Back to article: Microfluidic techniques for separation of bacterial cells via taxis

FIGURE 5: Microfluidic devices for bacterial aerotaxis. (A) Two-layered PDMS chip for generating oxygen gradients. (i) Lower layer supplied with gases by an in-plane gas channel network (A and B) and the top layer with gases by an out of plane gas channel network. (ii) Oxygen-diffusion simulation demonstrated that the oxygen gradient was generated ranging from 0 – 20% inside the chip. (iii) Simulation plot of oxygen concentration versus position 'x,' i.e., cross-section view of the gradient inside the channel. Incorporation of gas channel C in the device generates near-linear stable oxygen gradient (black line) in comparison with the condition of no gas channel C (Red curve). Reproduced from [44]. (B) Agarose-based chemical or oxygen gradient generator. (i) A microfluidic device on the microscopic stage with tubing to inject media, containing oxidized flavin (chemo effector) or oxygen. (ii) Four three-channel microstructures were engraved in agarose membrane which was clamped by plexiglass plate at the top and stainless-steel plate at the bottom which was spaced by a glass slide. (iii) Schematic diagram of a single three-channel microstructure, consisting of the middle channel for the bacterial culture which was flanked by side channels for either oxygen or oxidized flavin to generate a gradient across the middle channel. (iv) Side view of the channels with 250 μm spacing where oxygen-rich channel (coloured) and oxygen-poor channel (colourless) were juxtaposed to the middle channel containing an oxygen gradient. Reproduced from [46].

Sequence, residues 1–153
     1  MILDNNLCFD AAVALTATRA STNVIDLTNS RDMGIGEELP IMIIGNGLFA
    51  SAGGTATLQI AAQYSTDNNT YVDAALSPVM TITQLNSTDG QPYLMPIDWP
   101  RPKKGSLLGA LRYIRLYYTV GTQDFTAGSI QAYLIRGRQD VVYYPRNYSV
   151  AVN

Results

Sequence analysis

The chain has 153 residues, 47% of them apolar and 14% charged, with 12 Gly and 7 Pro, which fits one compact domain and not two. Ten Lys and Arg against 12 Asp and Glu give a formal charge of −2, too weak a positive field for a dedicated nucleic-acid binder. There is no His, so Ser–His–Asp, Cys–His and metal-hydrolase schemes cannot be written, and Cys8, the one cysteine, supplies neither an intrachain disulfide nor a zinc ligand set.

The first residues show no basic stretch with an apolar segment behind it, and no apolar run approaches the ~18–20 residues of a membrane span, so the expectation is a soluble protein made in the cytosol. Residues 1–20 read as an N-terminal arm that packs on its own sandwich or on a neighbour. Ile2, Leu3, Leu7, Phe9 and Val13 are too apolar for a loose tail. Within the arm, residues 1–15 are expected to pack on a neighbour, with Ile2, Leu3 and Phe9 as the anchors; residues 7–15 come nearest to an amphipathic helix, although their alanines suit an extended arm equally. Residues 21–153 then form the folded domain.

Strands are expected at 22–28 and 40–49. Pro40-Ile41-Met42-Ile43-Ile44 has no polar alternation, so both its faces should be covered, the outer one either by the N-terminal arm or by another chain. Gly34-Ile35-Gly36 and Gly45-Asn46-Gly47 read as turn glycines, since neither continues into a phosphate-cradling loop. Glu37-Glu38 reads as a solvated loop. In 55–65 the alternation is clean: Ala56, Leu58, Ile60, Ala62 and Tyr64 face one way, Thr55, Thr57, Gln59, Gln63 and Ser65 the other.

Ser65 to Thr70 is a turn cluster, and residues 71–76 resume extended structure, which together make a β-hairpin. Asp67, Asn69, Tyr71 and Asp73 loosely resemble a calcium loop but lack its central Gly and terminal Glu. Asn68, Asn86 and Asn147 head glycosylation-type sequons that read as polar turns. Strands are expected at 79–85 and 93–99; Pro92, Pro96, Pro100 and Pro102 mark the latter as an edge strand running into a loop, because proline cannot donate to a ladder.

44. Adler M, Erickstad M, Gutierrez E, and Groisman A (2012). Studies of bacterial aerotaxis in a microfluidic device. Lab Chip 12(22): 4835–4847. doi: 10.1039/C2LC21006A

46. Kim BJ, Chu I, Jusuf S, Kuo T, TerAvest MA, Angenent LT, and Wu M (2016). Oxygen Tension and Riboflavin Gradients Cooperatively Regulate the Migration of Shewanella oneidensis MR-1 Revealed by a Hydrogel-Based Microfluidic Device. Front Microbiol 7. doi: 10.3389/fmicb.2016.01438

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